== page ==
Toronto is bringing in short-term rental reforms [Unsplash]

Toronto to usher in series of short-term rental reforms

Canada: Toronto is to introduce a new set of short-term rental reforms, which will affect hosts and operators listing their properties on online travel agencies such as Airbnb, and Expedia in the city. 

Effective from 10 September 2020, the OTAs will be required to obtain a specific licence to be able to continue operating in the city. Meanwhile, the short-term rental operators themselves will have to display a unique registration number on all advertisements and listings of their properties, as well as collect a four per cent Municipal Accommodation Tax [MAT] on a quarterly basis from 1 January 2021.

A press release issued this week by the City of Toronto read: “Beginning Sept. 10, 2020, short-term rental operators will need to start registering with the City in order to operate in Toronto. Registration is a necessary first step to allow the city to effectively administer the new rules applicable to short-term rentals.”

Under the new rules, short-term rental landlords must also only rent out their primary residences, once registered, for a strict number of nights a year, which is capped at 180. Toronto residents renting out their homes or parts of their homes for less than 28 days at a given time are obliged to register as short-term rental operators by the end of the year.

The aim is that this will prevent disruption to local neighbourhoods caused by raucous parties at so-called ‘ghost hotels’, whereby the landlord does not live at the property and it is only one of multiple units they are managing.

Similarly, critics have voiced their opposition towards so-called “investment properties” inside condo buildings, which can be left largely free for tourists to book on a short-term basis and the landlord is not present.

While the number of vacant properties or ‘ghost hotels’ has inevitably tailed off over the summer due to restrictions on mobility, concerns over traveller safety and a ban on most short-term rentals between April and June, the City of Toronto has been at odds with its local short-term rental industry for some time. Furthermore, the increasing prevalence of violent incidents in ‘party houses’ has prompted action from the city’s authorities are years of legal wrangling.

Three years ago, the city council voted to crack down on Toronto’s flourishing short-term rental market, which was boosted by Airbnb, but only now have the desired reforms been passed. Then in November, a provincial tribunal ruled in favour of a Licensing and Registration of Short-Term Rentals bylaw in the city, to regulate a market which is believed to have had an estimated 10,000 illegal Airbnb listings at the start of the year.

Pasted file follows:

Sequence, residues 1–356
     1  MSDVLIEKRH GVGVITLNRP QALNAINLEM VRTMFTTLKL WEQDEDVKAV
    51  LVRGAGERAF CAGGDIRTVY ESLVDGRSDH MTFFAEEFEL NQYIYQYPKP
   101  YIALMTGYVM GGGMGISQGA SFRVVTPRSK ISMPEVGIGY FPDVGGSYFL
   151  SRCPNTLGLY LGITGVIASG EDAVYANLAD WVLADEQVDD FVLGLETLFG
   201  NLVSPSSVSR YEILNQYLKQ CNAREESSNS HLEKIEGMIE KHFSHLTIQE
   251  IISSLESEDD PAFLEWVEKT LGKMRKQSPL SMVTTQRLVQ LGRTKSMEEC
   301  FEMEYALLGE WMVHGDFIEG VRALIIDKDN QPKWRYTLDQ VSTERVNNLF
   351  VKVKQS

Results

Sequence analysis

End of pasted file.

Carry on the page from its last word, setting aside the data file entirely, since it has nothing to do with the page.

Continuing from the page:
Over the past year, however, a number of shooting incidents in the surrounding areas of Toronto, including Etobicoke, Bridlepath and Danforth, led to renewed calls for action on stricter regulations on short-term rental units.

In response to a further fatal shooting incident in downtown Toronto, Airbnb announced it would be limiting under-25s in Canada from renting whole properties to improve trust on its platform by eradicating its party house problem once and for all.

In an emailed statement to BlogTO, Alex Dagg, regional policy director at Airbnb for Canada and North East US at Airbnb, said: “Airbnb has been working collaboratively with the city of Toronto on the registration effort for many months.

“Most recently, we connected the city with Airbnb hosts to conduct focus groups pertaining to the development of its new registration system for short-term rentals. We are currently in discussion with the city on our platform licensing application and look forward to being licensed in the city,” she added.

The City of Toronto says it will work with short term rental operators and brokerages like Airbnb over the next few months to help everyone understand the rules.

Toronto mayor John Tory said of the registration programme: “This is good news for Toronto residents and a step in the right direction when it comes to regulating short-term rentals and maintaining the peace and quiet of our neighbourhoods. This system will provide crucial oversight of operators and ensure that they are held accountable and only operate within their principal residences.”

The full summary of Toronto’s short-term rental reforms, including deadlines for its registration programme and other restrictions, can be viewed on the city’s website here.

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